Monday, June 11, 2018

Charles Krauthammer's 'Unipolar Moment'

I had been reading Charles Krauthammer's column's back in the 1980s, when he was a columnist for Time Magazine. So, I was familiar with him by the time he published a path-breaking essay in 1990 at Foreign Affairs, "The Unipolar Moment":

Ever since it became clear that an exhausted Soviet Union was calling off the Cold War, the quest has been on for a new American role in the world. Roles, however, are not invented in the abstract; they are a response to a perceived world structure. Accordingly, thinking about post-Cold War American foreign policy has been framed by several conventionally accepted assumptions about the shape of the post-Cold War environment.

First, it has been assumed that the old bipolar world would beget a multipolar world with power dispersed to new centers in Japan, Germany (and/or "Europe"), China and a diminished Soviet Union/Russia. Second, that the domestic American consensus for an internationalist foreign policy, a consensus radically weakened by the experience in Vietnam, would substantially be restored now that policies and debates inspired by "an inordinate fear of communism" could be safely retired. Third, that in the new post-Soviet strategic environment the threat of war would be dramatically diminished.

All three of these assumptions are mistaken. The immediate post-Cold War world is not multipolar. It is unipolar. The center of world power is the unchallenged superpower, the United States, attended by its Western allies. Second, the internationalist consensus is under renewed assault. The assault this time comes not only from the usual pockets of post-Vietnam liberal isolationism (e.g., the churches) but from a resurgence of 1930s-style conservative isolationism. And third, the emergence of a new strategic environment, marked by the rise of small aggressive states armed with weapons of mass destruction and possessing the means to deliver them (what might be called Weapon States), makes the coming decades a time of heightened, not diminished, threat of war.


The most striking feature of the post-Cold War world is its unipolarity. No doubt, multipolarity will come in time. In perhaps another generation or so there will be great powers coequal with the United States, and the world will, in structure, resemble the pre-World War I era. But we are not there yet, nor will we be for decades. Now is the unipolar moment.

There is today no lack of second-rank powers. Germany and Japan are economic dynamos. Britain and France can deploy diplomatic and to some extent military assets. The Soviet Union possesses several elements of power-military, diplomatic and political-but all are in rapid decline. There is but one first-rate power and no prospect in the immediate future of any power to rival it.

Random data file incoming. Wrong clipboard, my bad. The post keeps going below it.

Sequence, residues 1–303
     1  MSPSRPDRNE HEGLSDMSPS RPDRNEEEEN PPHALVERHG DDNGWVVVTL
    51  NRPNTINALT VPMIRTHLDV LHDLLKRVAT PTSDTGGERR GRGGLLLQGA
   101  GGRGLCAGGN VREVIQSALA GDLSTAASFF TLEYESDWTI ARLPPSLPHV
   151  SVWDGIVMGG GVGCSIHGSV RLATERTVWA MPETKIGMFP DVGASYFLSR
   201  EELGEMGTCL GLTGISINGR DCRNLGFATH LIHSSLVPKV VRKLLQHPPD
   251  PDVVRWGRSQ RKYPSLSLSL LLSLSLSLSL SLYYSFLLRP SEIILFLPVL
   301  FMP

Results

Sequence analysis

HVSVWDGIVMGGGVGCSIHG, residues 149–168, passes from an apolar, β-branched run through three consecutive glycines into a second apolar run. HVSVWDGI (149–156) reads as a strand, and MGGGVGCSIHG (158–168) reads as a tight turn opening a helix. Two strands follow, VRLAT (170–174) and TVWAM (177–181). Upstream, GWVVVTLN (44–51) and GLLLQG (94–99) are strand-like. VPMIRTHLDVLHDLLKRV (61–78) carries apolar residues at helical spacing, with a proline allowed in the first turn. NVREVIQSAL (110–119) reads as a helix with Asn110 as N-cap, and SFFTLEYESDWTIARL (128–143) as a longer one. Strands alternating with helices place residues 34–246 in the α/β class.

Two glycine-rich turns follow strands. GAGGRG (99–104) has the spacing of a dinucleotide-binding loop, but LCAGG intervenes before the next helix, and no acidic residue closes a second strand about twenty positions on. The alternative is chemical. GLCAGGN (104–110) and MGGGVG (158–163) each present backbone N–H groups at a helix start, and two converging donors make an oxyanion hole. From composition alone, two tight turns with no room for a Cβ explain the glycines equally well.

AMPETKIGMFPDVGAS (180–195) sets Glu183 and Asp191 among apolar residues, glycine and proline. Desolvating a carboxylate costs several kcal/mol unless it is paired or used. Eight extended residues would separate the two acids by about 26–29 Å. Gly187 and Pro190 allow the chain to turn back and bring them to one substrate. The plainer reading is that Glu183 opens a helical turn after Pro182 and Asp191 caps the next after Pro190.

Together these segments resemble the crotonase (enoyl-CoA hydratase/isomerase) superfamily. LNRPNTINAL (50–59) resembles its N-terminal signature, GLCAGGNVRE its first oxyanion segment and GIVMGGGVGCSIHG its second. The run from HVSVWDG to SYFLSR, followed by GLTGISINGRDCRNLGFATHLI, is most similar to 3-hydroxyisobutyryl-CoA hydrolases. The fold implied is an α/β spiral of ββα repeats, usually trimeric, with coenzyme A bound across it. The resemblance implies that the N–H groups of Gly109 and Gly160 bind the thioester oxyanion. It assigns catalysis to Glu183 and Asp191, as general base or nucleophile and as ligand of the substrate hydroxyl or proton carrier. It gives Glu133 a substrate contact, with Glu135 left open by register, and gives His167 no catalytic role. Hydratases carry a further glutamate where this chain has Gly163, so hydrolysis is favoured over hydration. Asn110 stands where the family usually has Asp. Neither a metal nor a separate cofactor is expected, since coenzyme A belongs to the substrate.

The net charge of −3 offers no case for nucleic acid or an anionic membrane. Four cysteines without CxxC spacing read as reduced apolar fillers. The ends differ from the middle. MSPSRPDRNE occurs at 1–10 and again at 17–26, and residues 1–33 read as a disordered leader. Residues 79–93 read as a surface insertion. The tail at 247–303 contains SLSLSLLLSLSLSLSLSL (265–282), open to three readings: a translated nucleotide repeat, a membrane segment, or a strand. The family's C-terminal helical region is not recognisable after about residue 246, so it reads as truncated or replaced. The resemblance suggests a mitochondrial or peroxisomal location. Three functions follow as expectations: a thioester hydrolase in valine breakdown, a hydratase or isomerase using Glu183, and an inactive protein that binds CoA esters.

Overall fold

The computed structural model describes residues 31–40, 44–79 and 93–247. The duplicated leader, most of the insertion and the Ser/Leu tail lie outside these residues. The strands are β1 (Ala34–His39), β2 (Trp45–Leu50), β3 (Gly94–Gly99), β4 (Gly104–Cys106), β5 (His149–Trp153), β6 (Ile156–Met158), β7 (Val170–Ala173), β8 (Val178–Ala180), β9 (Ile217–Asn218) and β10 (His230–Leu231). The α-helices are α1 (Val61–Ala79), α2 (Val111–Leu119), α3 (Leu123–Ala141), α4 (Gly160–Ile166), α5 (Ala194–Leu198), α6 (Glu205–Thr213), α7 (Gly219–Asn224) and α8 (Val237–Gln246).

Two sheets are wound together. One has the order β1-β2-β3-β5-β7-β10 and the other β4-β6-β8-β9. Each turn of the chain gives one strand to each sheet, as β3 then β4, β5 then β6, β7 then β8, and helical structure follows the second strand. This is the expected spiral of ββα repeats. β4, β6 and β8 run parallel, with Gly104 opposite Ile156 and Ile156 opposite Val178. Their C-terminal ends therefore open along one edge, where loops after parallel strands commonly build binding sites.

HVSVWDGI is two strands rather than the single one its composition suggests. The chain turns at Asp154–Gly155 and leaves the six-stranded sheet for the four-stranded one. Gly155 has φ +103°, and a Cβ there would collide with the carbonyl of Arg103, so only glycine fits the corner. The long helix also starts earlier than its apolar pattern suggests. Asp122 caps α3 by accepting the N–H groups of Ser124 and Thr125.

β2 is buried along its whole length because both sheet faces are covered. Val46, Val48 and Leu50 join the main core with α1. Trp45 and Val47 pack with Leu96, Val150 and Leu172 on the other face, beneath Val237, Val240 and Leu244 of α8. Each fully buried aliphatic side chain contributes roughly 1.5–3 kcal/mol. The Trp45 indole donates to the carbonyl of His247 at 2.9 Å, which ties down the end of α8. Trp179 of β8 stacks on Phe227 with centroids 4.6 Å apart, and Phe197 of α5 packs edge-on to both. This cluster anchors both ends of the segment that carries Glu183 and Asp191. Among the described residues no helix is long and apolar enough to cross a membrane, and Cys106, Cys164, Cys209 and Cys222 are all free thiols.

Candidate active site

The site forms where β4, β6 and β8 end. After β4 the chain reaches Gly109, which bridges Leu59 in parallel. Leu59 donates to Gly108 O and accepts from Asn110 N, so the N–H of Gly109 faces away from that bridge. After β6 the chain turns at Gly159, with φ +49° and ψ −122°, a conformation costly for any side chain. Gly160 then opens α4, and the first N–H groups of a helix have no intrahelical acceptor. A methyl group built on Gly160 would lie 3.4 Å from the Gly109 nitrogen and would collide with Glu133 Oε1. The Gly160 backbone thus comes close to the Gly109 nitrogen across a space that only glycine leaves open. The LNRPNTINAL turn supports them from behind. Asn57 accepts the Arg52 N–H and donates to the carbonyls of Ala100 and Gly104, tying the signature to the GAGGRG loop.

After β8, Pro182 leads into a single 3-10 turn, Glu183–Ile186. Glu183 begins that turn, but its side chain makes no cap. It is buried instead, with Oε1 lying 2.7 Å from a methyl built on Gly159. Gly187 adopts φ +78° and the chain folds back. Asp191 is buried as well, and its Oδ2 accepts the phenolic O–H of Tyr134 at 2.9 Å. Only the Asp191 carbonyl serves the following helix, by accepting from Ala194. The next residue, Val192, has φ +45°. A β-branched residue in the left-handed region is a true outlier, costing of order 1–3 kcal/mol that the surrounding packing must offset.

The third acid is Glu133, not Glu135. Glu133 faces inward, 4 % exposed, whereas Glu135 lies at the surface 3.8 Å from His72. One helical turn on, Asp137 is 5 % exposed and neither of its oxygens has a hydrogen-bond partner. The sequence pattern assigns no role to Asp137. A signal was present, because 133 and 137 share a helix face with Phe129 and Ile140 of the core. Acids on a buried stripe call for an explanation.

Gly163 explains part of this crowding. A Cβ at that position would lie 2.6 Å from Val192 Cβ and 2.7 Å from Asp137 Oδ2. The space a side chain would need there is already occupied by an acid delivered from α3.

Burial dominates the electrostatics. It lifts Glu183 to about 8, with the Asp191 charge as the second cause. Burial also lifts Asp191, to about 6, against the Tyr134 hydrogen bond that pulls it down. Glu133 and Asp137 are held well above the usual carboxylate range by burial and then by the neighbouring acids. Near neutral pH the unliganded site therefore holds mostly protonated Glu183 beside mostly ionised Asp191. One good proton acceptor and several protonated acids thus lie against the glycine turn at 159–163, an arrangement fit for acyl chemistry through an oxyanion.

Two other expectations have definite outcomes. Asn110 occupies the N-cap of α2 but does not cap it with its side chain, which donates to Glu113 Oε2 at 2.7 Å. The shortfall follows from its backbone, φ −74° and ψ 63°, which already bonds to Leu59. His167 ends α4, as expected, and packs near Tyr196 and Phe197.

Only a few months ago it was conventional wisdom that the new rivals, the great pillars of the new multipolar world, would be Japan and Germany (and/or Europe). How quickly a myth can explode. The notion that economic power inevitably translates into geopolitical influence is a materialist illusion. Economic power is a necessary condition for great power status. But it certainly is not sufficient, as has been made clear by the recent behavior of Germany and Japan, which have generally hidden under the table since the first shots rang out in Kuwait. And while a unified Europe may sometime in the next century act as a single power, its initial disarray and disjointed national responses to the crisis in the Persian Gulf again illustrate that "Europe" does not yet qualify even as a player on the world stage.

Which leaves us with the true geopolitical structure of the post-Cold War world, brought sharply into focus by the gulf crisis: a single pole of world power that consists of the United States at the apex of the industrial West. Perhaps it is more accurate to say the United States and behind it the West, because where the United States does not tread, the alliance does not follow. That was true for the reflagging of Kuwaiti vessels in 1987. It has been all the more true of the world's subsequent response to the invasion of Kuwait.

American preeminence is based on the fact that it is the only country with the military, diplomatic, political and economic assets to be a decisive player in any conflict in whatever part of the world it chooses to involve itself. In the Persian Gulf, for example, it was the United States, acting unilaterally and with extraordinary speed, that in August 1990 prevented Iraq from taking effective control of the entire Arabian Peninsula.

Iraq, having inadvertently revealed the unipolar structure of today's world, cannot stop complaining about it. It looks at allied and Soviet support for American action in the gulf and speaks of a conspiracy of North against South. Although it is perverse for Iraqi leader Saddam Hussein to claim to represent the South, his analysis does contain some truth. The unipolar moment means that with the close of the century's three great Northern civil wars (World War I, World War II and the Cold War) an ideologically pacified North seeks security and order by aligning its foreign policy behind that of the United States. That is what is taking shape now in the Persian Gulf. And for the near future, it is the shape of things to come.

The Iraqis are equally acute in demystifying the much celebrated multilateralism of this new world order. They charge that the entire multilateral apparatus (United Nations resolutions, Arab troops, European Community pronouncements, and so on) established in the gulf by the United States is but a transparent cover for what is essentially an American challenge to Iraqi regional hegemony.

But of course. There is much pious talk about a new multilateral world and the promise of the United Nations as guarantor of a new post-Cold War order. But this is to mistake cause and effect, the United States and the United Nations...